Frank Freyer,James A. Roberts,Petra Ritter,Michael Breakspear
PLOS Computational Biology , 2012, DOI: 10.1371/journal.pcbi.1002634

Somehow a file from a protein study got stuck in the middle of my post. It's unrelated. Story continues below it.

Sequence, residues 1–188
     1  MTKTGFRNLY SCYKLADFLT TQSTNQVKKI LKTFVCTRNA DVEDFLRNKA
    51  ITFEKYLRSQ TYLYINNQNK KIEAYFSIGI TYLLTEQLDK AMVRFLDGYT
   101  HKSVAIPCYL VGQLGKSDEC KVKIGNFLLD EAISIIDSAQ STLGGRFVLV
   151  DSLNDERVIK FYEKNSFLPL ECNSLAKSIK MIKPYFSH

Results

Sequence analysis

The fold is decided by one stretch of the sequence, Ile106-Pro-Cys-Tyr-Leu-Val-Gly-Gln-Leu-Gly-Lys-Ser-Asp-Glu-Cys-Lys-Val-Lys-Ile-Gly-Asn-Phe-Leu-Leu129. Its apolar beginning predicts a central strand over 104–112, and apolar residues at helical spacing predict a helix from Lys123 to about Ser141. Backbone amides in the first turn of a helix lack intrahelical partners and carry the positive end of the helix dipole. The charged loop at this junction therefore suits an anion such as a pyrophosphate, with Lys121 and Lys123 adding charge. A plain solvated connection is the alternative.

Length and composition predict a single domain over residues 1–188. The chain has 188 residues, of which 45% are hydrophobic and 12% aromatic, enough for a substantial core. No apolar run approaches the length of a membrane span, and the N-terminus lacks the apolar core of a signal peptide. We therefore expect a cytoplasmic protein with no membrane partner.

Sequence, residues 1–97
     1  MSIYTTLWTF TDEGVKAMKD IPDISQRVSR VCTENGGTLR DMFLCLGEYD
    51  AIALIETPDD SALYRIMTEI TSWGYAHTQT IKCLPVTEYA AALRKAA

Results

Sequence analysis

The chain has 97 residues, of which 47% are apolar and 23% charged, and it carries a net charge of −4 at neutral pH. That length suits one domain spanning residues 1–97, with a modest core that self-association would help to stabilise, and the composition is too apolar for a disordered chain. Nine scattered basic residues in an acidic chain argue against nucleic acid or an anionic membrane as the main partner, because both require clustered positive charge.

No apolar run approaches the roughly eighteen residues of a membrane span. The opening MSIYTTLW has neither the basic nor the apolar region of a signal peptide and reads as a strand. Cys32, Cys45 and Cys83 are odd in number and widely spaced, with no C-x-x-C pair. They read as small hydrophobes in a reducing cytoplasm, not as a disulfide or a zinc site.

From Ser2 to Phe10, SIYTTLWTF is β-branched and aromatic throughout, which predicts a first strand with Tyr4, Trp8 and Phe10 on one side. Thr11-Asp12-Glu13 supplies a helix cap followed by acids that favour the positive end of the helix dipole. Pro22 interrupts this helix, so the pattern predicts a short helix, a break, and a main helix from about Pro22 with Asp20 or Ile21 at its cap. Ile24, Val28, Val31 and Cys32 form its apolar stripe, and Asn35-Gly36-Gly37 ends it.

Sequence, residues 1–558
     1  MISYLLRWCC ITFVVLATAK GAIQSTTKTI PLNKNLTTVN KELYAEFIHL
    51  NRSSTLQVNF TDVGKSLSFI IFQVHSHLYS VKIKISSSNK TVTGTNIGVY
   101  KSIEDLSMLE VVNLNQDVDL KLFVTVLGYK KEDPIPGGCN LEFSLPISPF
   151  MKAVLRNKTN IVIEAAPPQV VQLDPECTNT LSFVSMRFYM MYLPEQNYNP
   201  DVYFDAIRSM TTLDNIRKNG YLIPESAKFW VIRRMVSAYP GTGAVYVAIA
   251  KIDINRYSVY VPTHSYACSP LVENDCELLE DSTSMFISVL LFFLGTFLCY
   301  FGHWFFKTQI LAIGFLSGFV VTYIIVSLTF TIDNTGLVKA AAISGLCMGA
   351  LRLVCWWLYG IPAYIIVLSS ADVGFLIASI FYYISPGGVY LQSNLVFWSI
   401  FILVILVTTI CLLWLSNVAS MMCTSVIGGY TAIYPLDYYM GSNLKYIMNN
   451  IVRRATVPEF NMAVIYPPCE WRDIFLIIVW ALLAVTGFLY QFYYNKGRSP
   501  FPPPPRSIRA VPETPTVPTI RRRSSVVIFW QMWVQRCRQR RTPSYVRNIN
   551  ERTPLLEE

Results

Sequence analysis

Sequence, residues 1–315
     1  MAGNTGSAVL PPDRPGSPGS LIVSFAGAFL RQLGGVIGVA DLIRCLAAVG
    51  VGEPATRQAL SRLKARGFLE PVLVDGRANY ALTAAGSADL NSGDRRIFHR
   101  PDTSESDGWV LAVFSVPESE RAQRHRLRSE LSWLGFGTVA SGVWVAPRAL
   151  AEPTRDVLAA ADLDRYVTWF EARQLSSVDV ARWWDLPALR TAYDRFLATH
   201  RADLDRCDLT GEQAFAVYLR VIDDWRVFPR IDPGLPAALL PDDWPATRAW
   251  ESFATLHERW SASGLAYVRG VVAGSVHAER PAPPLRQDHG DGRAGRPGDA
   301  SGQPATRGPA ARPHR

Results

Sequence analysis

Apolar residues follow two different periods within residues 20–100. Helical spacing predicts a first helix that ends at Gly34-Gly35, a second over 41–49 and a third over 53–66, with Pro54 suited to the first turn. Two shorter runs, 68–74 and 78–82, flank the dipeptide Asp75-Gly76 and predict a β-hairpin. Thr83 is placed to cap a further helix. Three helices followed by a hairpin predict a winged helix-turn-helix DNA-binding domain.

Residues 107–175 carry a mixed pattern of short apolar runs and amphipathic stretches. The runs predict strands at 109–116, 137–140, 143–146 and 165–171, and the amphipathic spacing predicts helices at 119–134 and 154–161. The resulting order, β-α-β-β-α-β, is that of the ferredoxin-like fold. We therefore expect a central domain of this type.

Abstract: Multistability and scale-invariant fluctuations occur in a wide variety of biological organisms from bacteria to humans as well as financial, chemical and complex physical systems. Multistability refers to noise driven switches between multiple weakly stable states. Scale-invariant fluctuations arise when there is an approximately constant ratio between the mean and standard deviation of a system's fluctuations. Both are an important property of human perception, movement, decision making and computation and they occur together in the human alpha rhythm, imparting it with complex dynamical behavior. Here, we elucidate their fundamental dynamical mechanisms in a canonical model of nonlinear bifurcations under stochastic fluctuations. We find that the co-occurrence of multistability and scale-invariant fluctuations mandates two important dynamical properties: Multistability arises in the presence of a subcritical Hopf bifurcation, which generates co-existing attractors, whilst the introduction of multiplicative (state-dependent) noise ensures that as the system jumps between these attractors, fluctuations remain in constant proportion to their mean and their temporal statistics become long-tailed. The simple algebraic construction of this model affords a systematic analysis of the contribution of stochastic and nonlinear processes to cortical rhythms, complementing a recently proposed biophysical model. Similar dynamics also occur in a kinetic model of gene regulation, suggesting universality across a broad class of biological phenomena.